Round 5: Dave Cash
The Pittsburgh Pirates selected shortstop Dave Cash in the fifth round of the 1966 MLB Draft. Although Cash was selected as a shortstop, he’d eventually slide over to the keystone, where he remained most of his career. Cash didn’t spend much time in Pittsburgh. He only had 1767 plate appearances across five different seasons. He was about a league-average hitter, posting a .285/.338/.365 line, .321 wOBA, and 101 wRC+. However, he did display good defense with +19 total zone runs. Plus, he has the designation of being part of baseball’s first-ever all-minority line-up.
He manned the hot corner during that day, which was just one of 41 times he’d ever appear at the position. He went 1-for-3 on the day, drawing a walk and striking out once. He was part of MLB and world history, even if he wasn’t the biggest name on the roster then.
Though after 1973, and after turning in the worst offensive numbers he posted in his career so far, the Pittsburgh Pirates dealt Cash to the Philadelphia Phillies for pitcher Ken Brett, who was brought up earlier. Cash really hit his stride in Philly. He put up similar hitting numbers, batting .296/.348/.371, leading to a .332 wOBA and 101 wRC+. However, he finally got to show off what he could do with the glove over a full season. Cash racked up +21 total zone runs in just three seasons. Brett made the all-star game every season he was with Philly.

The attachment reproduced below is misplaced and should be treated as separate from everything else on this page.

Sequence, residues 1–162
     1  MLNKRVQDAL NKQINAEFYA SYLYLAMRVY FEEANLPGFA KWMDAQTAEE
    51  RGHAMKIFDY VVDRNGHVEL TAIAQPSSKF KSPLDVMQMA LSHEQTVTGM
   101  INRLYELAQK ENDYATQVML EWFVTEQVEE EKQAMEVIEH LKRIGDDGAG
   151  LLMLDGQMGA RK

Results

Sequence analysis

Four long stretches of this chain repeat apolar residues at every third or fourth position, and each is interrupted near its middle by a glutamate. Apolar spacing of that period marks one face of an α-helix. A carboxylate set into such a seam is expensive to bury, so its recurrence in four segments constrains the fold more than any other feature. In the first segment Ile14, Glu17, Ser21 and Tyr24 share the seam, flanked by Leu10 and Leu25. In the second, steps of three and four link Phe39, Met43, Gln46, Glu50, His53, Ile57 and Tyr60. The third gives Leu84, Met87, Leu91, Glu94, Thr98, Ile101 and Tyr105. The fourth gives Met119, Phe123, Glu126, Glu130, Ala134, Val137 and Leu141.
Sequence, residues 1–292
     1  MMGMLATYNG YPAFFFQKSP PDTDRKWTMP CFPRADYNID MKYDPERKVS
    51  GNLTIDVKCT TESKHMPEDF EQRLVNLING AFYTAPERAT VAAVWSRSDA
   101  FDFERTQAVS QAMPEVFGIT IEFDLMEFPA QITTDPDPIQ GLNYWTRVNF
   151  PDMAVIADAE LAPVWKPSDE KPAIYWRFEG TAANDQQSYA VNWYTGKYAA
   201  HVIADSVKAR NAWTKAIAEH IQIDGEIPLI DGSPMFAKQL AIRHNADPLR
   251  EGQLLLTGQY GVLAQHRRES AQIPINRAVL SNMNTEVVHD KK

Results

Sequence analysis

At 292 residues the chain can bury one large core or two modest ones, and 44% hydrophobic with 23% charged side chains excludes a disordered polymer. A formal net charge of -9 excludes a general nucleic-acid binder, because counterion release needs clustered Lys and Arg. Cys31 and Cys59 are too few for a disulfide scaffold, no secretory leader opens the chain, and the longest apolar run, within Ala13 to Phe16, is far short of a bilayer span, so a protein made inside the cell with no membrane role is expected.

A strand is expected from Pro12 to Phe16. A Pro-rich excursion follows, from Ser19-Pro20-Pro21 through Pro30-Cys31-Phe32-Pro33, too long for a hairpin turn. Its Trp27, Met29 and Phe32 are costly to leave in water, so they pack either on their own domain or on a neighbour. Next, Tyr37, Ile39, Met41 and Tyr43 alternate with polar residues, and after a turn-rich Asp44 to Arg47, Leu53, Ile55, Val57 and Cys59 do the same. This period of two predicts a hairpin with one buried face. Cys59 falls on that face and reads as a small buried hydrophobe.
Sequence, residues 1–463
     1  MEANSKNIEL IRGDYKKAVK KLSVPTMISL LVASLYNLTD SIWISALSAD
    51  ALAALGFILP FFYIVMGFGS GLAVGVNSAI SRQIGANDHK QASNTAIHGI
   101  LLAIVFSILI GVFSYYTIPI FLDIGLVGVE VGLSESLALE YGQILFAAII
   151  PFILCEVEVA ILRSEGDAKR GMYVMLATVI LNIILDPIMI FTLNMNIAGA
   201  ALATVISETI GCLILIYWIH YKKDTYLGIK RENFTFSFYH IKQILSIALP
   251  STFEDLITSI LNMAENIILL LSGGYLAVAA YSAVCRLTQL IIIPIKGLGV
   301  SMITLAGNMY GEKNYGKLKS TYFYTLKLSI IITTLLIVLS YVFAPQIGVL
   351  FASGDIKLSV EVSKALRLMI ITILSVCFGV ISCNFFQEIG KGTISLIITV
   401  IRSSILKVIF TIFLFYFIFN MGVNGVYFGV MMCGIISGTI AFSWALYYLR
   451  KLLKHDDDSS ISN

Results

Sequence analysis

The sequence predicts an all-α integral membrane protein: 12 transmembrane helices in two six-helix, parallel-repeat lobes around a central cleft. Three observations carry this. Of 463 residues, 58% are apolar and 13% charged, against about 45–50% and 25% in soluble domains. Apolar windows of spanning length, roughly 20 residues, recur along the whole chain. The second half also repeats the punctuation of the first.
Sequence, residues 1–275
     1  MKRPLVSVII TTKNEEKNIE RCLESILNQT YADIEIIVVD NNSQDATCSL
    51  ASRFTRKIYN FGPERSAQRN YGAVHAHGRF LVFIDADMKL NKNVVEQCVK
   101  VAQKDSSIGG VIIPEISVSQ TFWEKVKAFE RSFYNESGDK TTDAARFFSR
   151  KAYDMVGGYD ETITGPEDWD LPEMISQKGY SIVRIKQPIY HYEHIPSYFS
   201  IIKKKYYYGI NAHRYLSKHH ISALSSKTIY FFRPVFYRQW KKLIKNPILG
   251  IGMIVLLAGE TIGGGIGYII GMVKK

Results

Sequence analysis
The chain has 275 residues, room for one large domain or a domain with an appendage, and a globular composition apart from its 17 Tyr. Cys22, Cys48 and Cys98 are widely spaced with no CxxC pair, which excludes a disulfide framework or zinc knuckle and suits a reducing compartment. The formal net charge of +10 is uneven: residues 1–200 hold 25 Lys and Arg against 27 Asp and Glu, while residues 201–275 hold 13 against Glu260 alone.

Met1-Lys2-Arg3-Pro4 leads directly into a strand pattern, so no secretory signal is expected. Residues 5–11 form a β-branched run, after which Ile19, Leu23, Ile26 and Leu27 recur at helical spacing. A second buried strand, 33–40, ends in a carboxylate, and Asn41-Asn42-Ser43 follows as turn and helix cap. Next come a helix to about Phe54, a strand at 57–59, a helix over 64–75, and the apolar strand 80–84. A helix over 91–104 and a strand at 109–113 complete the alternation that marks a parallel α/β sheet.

After 1976, Cash signed with the Montreal Expos, where he posted a well below-average .277/.322/.355 line, .306 wOBA, and 88 wRC+. Even worse was his defense started to trend in the wrong direction. After the 1979 season, the Expos dealt Cash to the San Diego Padres for Bill Almon and Dan Briggs. Cash would spend his 1980 season as the Friars’ primary second baseman but was released before the start of the 1981 campaign.